Once you are in theater. Intelligence and operations are complementary. helmets. Ask others who come from that country or culture about your ideas. Ensure your CSS assets are hardened. Many people don’t understand the concept. You will be tempted to try and do this too early. Don’t try to be your own cultural adviser: You must be fully aware of the political and cultural dimension. Put the smartest soldiers in the S2 section and the R&S squad. In counterinsurgency. rations. make sure you can always reach back to call for firepower or heavy support if needed. outside preplanned combat actions like the two battles of Falluja or Operation Iron Horse. But in lightening your load. have communications. They may do more fighting than your rifle squads. the insurgents will consistently out-run and outmaneuver you. Travel light and harden your combat service support (CSS). remember to harden your CSS. The reverse is not the case. And everything important. The only way to help them is to give them a shared understanding. You must train the squad leaders to act intelligently and independently without orders. You will have one less rifle squad. The final preparation task is to develop a game plan.S. But wait. Almost everything in counterinsurgency is interagency. you must have a prioritized “bump plan” in case you lose them. 4. Also. explore the problem. Someone with people skills and a feel for the environment will do better than a political-science graduate. but this is a different task. 3. were against CSS installations and convoys. situations will arise too quickly for orders or even commander’s intent. and some can’t execute it. as your knowledge improves. But once people are trained and you have a shared operational diagnosis. a diplomat or military foreign area officer able to speak the language and navigate the intricacies of local politics. Organize for intelligence. If your squad leaders are competent. but their task is to understand the environment. and a water bottle if he is lucky. They can help. Training should focus on basic skills: marksmanship. When in doubt. Department of State. a shemagh (head scarf). Linguists are a battle-winning asset. and seek a consensus. You will not have enough linguists—you never do—but carefully consider where best to use them. Often during predeployment the best use of linguists is to train your command in basic language. but few company or platoon leaders really trust their people. Most attacks on Coalition forces in Iraq in 2004 and 2005. perhaps not (see article 8). The POLAD’s job is to help shape it. you might receive a political-cultural adviser at company level. killing the enemy is easy. In a force optimized for counterinsurgency. and a thousand other things. If this sounds unmilitary. Realize that civilians find rifles. Also. you must trust them. don’t give one of your intelligence people this role. communications gear. understand what you are facing. Organize for interagency operations. So you must organize for intelligence. and are trained in combat operations. you will not. The commander on the spot controls the fight. 9. Train the squad leaders— then trust them. so you must improvise. and the local police or fire brigade. security on the move and at the halt. but whose success is essential for yours. Find a POLAD (political-cultural adviser) from among your people—perhaps an officer. but the intelligence section will pay for itself in lives and effort saved. In counterinsurgency. and often a private soldier’s war. you can get away with average company or platoon staffs. The enemy will attack your weakest points. Battles are won or lost in moments: Whoever can bring combat power to bear in seconds. It is difficult.this problem collectively with your platoon and squad leaders. You might need platoon S2s and S3s. You will be weighed down with body armor. Learn how to spot these people. Unless you ruthlessly lighten your load and enforce a culture of speed and mobility. will involve your company working with civilian actors and local indigenous partners you cannot control. Your operations will be intelligencedriven. Back on planet Earth. but intelligence will come mostly from your own operations. and in a conventional force only a few people will master it. 7. and more time on squads. get over it. the corps and division commander will get a political advisor. We talk about this. talent is everything. this plan will change once you hit the ground. You will need a company S2 and an intelligence section (including analysts). but you must still do it. but longterm development and stabilization by civilian agencies will ultimately win the war. know that your operations will create a temporary breathing space. Train the company in interagency operations: Get a briefing from the U. 6. Corporals and privates will have to make snap judgments with strategic impact. Discuss ideas. Not everyone is good at counterinsurgency. where hundreds of well-armed soldiers under a mediocre senior officer will fail. will win. Have a game plan. See it through the eyes of a civilian who knows nothing about the military. 5. Anyone can learn the basics. you will get a better idea of what needs to be done and a fuller understanding of your own limitations. Like any plan. Ruthlessly replace leaders who do not make the grade. spend less time on company and platoon training. but like any other scarce resource. Find a political/cultural adviser. and it may need to be scrapped if there is May-June 2006 MILITARY REVIEW . you have no choice. then trust them to think for themselves on the day. from policing to intelligence to civil-military operations to trash collection. and put them into positions where they can make a difference. not as a product prepared and served up by higher headquarters. Train point-men in each squad to deal with the interagency people. You do the math. Rank matters far less than talent—a few good men led by a smart junior noncommissioned officer can succeed in counterinsurgency. Rank is nothing. extra ammunition. You will probably not get augmentation for all this. a mental picture of how you see the operation developing. Learn how not to scare them. patrolling. Finding him is often nearly impossible. The enemy will carry a rifle or rocket-propelled grenade launcher. and basic drills. aid agencies. Counterinsurgency is a squad and platoon leader’s war. and body armor 104 intimidating. 8. and you will need a reconnaissance and surveillance (R&S) element. but a few naturals do exist. How would you react if foreigners came to your neighborhood and conducted the operations you planned? What if somebody came to your mother’s house and did that? Most importantly. on a street corner.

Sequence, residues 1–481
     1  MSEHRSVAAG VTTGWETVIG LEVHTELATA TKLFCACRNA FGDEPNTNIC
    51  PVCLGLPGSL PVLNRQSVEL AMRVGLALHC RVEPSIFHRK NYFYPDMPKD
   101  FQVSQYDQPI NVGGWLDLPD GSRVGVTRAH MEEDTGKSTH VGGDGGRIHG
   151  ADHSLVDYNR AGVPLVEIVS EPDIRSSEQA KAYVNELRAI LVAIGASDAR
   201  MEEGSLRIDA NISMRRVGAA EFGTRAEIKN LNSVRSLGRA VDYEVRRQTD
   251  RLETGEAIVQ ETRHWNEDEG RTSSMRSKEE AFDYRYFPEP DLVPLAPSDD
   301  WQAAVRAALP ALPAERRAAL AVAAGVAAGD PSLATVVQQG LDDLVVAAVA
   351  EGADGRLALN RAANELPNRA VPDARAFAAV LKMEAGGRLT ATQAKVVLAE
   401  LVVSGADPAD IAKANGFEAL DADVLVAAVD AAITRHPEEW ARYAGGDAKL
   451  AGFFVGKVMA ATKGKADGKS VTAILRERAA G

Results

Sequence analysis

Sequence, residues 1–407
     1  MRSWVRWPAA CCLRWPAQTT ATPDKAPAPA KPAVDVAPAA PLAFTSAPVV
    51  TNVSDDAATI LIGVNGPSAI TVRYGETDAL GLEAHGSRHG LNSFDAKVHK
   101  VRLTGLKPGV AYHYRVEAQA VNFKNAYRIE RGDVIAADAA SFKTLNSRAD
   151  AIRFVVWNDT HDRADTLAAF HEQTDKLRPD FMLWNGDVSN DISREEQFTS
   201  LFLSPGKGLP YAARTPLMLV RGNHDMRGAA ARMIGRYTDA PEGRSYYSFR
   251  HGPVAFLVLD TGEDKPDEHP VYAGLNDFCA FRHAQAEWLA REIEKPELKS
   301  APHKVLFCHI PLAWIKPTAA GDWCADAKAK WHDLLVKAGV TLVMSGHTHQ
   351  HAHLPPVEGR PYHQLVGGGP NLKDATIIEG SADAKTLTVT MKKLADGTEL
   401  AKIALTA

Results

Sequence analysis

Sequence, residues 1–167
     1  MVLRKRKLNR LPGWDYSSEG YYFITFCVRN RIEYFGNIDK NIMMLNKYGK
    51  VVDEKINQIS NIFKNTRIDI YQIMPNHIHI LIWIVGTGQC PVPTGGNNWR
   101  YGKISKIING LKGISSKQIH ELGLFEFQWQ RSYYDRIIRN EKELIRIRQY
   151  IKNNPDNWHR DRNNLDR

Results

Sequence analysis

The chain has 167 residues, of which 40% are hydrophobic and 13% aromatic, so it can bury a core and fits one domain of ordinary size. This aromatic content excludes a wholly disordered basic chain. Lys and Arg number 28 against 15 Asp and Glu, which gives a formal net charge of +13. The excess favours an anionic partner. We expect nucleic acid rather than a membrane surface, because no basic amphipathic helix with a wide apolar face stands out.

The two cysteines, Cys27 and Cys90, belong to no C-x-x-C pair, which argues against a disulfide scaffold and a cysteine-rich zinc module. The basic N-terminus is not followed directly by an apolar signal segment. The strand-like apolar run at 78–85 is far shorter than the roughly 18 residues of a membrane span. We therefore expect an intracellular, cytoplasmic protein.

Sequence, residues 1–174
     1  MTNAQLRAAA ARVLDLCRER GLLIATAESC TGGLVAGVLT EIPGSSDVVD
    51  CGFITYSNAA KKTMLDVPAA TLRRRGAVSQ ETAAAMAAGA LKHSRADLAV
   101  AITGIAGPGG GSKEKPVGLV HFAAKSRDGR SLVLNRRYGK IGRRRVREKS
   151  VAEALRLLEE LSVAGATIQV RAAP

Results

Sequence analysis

there is usually little you can do about it. forward and backward. intermarry. day-tripping like a tourist in hell. It must be simple. bringing him out into the open to fight you. Calculated self-interest. which is a rare windfall in counterinsurgency. Driving around in an armored convoy. Your tour will end. so you must have a simple enough plan to survive setbacks without collapsing. Instead. while early successes will set the tone for victory. Normality in Kandahar is not the same as in Seattle—you need time to learn what normality looks like. This will probably not translate into a combat victory over the enemy. then do it wherever you can. Instead. and your successors will need your corporate knowledge. This is sometimes called “operational design. The most fundamental rule of counterinsurgency is to be there. Do it the other way around and no one will mourn your failure. you would have inherited these from your predecessors. Go with. But you must act. secure bases. and that resisting you is pointless. Hearts means persuading people their best interests are served by your success. such a combat victory depends on the enemy being stupid enough to present you with a clearcut target. details about the population. Ideally. You will look back on your early actions and cringe at your clumsiness. 12. Build common interests and mobilize popular support. Don’t try to crack the hardest nut first—don’t go straight for the main insurgent stronghold. in every platoon and specialist squad. local security forces.” Make sure you can easily transition between phases. you may achieve a victory by resolving long-standing issues your predecessors have failed to address. This is the golden hour. Note that neither concept has anything to do with whether people like you. Do this by extending your influence through the locals’ own networks. completed reception and staging. not against. get the facts first. start from secure areas and work gradually outwards. Looking for such a victory can be overly aggressive and create collateral damage—especially since you really do not yet understand your sector. Actions—even killing high-profile targets that undermine trust or disrupt your networks—help the enemy. 14. your key task is to build trusted networks. Avoid knee-jerk responses to first impressions. If you were trained in maneuver warfare you know about surfaces and gaps. then follow through to meet them. makes you a target. Seek early victories. from day one. for example “establish dominance. This is your true main effort. Of course. 10. which comprises two separate components. try to provoke a decisive showdown. strategy. Just as the insurgent can adapt his activity to yours. and (if you are lucky) attended the in-country counterinsurgency school. nongovernmental organizations (NGOs) and other friendly or neutral nonstate actors in your area. it may be various interest groups fighting it out with each other or settling personal vendettas. you will create a corporate memory that keeps your people alive.INSIGHTS a major shift in the environment. Now win these people over. Conduct village and neighborhood surveys to identify needs in the community. 15. minds means convincing them that you can protect them. but if not you must start them. Try to avoid a rush to judgment. is what counts. This is boring and tedious. these will grow like roots into the population. Once you have settled into your sector. Like any other form of armed 105 The Golden Hour You have deployed. Over time. These networks include local allies. If you are not present when an incident happens. This fragmentation and “disaggregation” of the battlefield. Soon enough the showdown with the insurgents will come. If you can. First win the confidence of a few villages and see who they trade. you can’t avoid making judgments. night patrolling—all these seem more dangerous than they are. But if possible. check them with an older hand or a trusted local. But you still need a plan. So your first order of business is to establish presence. Actions that help build trusted networks serve your cause. You can almost never outrun the enemy. but keep good back-ups and ensure you have hard copy of key artifacts and documents. Mistakes made now will haunt you for the rest of your tour. Build trusted networks. marginalize the enemy. even if the methods change. Do this by seeking an early victory. sleeping in local villages. and known to everyone. Movement on foot. The folders should include lessons learned. or do business with. Also. you will not resolve the insurgency on your watch. Computerized databases are fine. This demands a residential approach: living in your sector. particularly in urban areas. and the media. Over time. and is ultimately more dangerous. Start easy. This is the true meaning of the phrase hearts and minds. you will have only secondhand reports and may misunderstand the local context or interpretation. or focus efforts on villages that support the insurgents. Now it is time to enter your sector and start your tour. but essential. In this early phase. Don’t act rashly. and letting you seize the initiative. robust idea of what to achieve. The insurgent commander wants to goad you into lashing out at the population or making a mistake. the grain of local society.” One approach is to identify basic stages in your operation. updated maps. 11. This applies to counterinsurgency as much as any other form of maneuver. a mobilized population. and a trusted network at your back. or by co-opting a key local leader who has resisted cooperation with our forces. keep one or two officers from your predecessor unit for the first part of the tour. This plan is the solution that matches the shared diagnosis you developed earlier. 13. not as aliens who descend from an armored box. in case of setbacks. The violence you see may be part of the insurgent MILITARY REVIEW May-June 2006 . community leaders. So be it. Believe it or not. everything else is secondary. If you can’t do this throughout your sector. But now you have local allies. and the process of planning will give you a simple. not emotion. Unless you happen to be on the spot when an incident occurs. in close proximity to the population rather than raiding into the area from remote. degrades situational awareness. displacing the enemy’s networks. and photographs—anything that will help newcomers master the environment. means that first impressions are often highly misleading. Start handover folders. if you successfully build networks of trust. who see you as real people they can trust and do business with. village and patrol reports. Prepare for handover from day one. build local networks. They establish links with the locals. Be there. your aim is to stamp your dominance in your sector.